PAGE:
Sixteen Blue (+ 5)

30 01 2009

I turned 21 today. To be honest, my birthday isn’t all that important to me, so I celebrated by doing something I planned to do anyway, going out with some friends from the KCJS program. We went out for conveyor belt sushi, a fast, efficient, and relatively cheap way to eat enough raw fish to feel like you’re going to explode.

The conveyor belt brings all sorts of different items, from unagi (eel) sushi, to chicken nuggets, to "cheesecake", or rather sponge cake (which leads me to believe that Japanese people may not know what cheesecake is).

The conveyor belt brings all sorts of different items, from unagi (eel) sushi, to chicken nuggets, to "cheesecake", or rather sponge cake (which leads me to believe that Japanese people may not know what cheesecake is).

Each plate costs 105 yen, so you can get a decent amount of food for a relatively small amount, and the atmosphere of the restaurant lends itself to casual gatherings. None of it was exactly high-grade, but the eel was pretty satisfying. And did I mention it was cheap?

If you have any special requests, you enter them on a picture touch screen above your table and then a miniature Shinkansen above the conveyor belt brings the order straight to the table.

If you have any special requests, you enter them on a picture touch screen above your table and then a miniature Shinkansen above the conveyor belt brings the order straight to the table.

The tallying system works similar to dim sum where the waitress counts all of your plates when you’re done to get your final charge. Perhaps encouraged by my private milestone, I polished off ten plates by myself, though two of my friends made it through fifteen.

Typical table layout at the restaurant.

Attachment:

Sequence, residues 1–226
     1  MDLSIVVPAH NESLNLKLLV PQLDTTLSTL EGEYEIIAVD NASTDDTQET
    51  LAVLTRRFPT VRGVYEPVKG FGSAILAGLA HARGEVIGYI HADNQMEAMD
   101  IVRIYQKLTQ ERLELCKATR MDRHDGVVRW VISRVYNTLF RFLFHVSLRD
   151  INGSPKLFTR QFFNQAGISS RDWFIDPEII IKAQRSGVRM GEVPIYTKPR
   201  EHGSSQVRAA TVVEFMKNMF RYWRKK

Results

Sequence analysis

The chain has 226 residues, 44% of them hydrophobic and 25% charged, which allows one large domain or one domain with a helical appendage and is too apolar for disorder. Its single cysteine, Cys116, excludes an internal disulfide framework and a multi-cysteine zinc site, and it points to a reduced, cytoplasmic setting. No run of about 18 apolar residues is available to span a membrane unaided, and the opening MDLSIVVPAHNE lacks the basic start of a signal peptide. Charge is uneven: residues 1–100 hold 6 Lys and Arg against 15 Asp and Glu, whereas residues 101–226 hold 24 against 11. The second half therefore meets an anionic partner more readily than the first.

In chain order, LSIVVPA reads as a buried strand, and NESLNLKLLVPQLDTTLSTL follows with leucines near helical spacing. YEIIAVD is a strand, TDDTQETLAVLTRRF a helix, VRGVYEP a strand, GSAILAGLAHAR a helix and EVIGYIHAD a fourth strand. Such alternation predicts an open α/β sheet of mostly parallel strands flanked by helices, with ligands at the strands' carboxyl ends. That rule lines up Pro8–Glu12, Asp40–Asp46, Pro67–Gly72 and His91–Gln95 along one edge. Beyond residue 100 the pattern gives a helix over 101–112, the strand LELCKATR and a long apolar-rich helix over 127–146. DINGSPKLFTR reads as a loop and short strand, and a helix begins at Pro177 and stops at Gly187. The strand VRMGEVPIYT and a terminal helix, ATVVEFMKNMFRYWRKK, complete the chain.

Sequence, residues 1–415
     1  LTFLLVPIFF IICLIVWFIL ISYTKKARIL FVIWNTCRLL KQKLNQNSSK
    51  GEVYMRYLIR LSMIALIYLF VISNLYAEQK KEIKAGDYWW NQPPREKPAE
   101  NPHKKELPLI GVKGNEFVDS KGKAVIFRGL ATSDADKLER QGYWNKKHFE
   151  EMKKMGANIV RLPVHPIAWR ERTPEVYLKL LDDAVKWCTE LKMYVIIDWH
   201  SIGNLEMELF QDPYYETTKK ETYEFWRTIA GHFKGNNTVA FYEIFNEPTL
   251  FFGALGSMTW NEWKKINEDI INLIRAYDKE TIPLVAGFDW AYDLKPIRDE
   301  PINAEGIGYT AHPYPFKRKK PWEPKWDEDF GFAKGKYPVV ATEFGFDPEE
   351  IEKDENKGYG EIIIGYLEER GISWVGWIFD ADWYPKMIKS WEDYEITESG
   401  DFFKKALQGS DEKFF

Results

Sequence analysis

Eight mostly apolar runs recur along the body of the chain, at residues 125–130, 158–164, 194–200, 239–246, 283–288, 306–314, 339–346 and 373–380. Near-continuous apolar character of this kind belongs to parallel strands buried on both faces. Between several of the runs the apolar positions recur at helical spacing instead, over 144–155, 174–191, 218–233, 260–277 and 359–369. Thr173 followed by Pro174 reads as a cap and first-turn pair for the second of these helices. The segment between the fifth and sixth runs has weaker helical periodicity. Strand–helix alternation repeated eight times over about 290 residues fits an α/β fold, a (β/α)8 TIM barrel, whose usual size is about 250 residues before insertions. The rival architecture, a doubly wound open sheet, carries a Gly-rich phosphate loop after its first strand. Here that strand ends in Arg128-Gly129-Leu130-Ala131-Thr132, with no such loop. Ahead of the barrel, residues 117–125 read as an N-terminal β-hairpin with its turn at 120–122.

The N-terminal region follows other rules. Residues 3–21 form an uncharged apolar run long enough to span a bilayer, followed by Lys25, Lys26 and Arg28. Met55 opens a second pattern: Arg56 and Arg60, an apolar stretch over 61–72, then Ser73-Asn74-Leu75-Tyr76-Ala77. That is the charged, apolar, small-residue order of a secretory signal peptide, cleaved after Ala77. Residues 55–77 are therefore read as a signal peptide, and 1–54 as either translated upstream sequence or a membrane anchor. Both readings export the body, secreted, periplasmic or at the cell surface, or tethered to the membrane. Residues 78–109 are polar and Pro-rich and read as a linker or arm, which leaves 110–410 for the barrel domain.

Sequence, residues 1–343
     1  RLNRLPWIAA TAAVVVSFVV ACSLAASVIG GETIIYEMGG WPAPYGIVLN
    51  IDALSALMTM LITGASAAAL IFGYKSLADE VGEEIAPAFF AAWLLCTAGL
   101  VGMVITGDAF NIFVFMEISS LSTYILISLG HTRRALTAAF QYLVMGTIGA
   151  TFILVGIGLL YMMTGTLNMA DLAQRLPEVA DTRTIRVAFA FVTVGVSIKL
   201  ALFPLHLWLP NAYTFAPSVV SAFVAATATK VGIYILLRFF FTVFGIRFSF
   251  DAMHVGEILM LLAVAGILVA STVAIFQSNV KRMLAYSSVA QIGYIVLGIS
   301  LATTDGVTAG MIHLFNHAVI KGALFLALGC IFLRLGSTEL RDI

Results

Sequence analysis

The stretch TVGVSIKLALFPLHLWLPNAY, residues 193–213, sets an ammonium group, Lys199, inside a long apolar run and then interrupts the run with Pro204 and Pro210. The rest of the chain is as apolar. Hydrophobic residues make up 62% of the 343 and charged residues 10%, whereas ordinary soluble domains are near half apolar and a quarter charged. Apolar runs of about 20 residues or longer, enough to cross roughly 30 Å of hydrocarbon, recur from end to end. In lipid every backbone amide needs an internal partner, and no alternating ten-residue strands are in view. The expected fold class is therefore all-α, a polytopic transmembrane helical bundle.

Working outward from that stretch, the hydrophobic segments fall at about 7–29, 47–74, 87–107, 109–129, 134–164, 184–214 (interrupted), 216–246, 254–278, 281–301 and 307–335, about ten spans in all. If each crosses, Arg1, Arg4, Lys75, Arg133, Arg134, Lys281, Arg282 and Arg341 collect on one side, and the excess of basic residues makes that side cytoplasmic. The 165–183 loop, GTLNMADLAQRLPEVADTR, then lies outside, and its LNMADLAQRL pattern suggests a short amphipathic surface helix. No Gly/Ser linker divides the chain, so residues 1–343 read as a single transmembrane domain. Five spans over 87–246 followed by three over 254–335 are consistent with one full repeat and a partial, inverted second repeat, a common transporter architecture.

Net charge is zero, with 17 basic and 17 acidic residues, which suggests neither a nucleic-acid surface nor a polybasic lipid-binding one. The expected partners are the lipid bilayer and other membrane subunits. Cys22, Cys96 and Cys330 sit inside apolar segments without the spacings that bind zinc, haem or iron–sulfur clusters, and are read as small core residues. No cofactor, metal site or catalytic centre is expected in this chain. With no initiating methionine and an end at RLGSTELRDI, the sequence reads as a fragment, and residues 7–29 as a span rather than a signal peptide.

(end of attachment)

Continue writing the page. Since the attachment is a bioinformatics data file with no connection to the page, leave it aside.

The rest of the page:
Typical table layout at the restaurant.

Thanks to everyone who sent me birthday wishes, and I hope everyone’s doing well. I’m having a great time in Kyoto, and can’t think of a better place to celebrate my 21st, even if I learned tonight that convenience store employees here apparently don’t check ids, or at least foreigner’s ids. Everybody’s cool here, unlike America.

Music I’m Listening to Now: The Replacements, “Black Diamond”

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Blue Cash

29 01 2009

Shrine Gate, Kyoto, 1/17/2009

Been a while since the last post, so I thought I’d post some stop-gap pictures while I continue to work on the convenience store post. I’m trying to make it exhaustive, so it’s taking a bit, and today I accidentally ate one of my planned examples, so I’m behind schedule. I’ve also gotten a job working at KCJS and will be taking some cooking classes in addition to the quickly increasing homework load I have, all of which are starting to eat away at my free time. As I’ve said before though, I’ll do my best to keep posting.

I realized today that I never posted any pictures of Kyoto University’s campus. I don’t have a whole lot, but some of it’s pretty nice.

Kyoto University's clocktower.

Kyoto University's clock tower.

I really like this tree- it's located in front of the clocktower near the Yoshida Shrine.

I really like this tree- it's located in front of the clock tower near the Yoshida Shrine.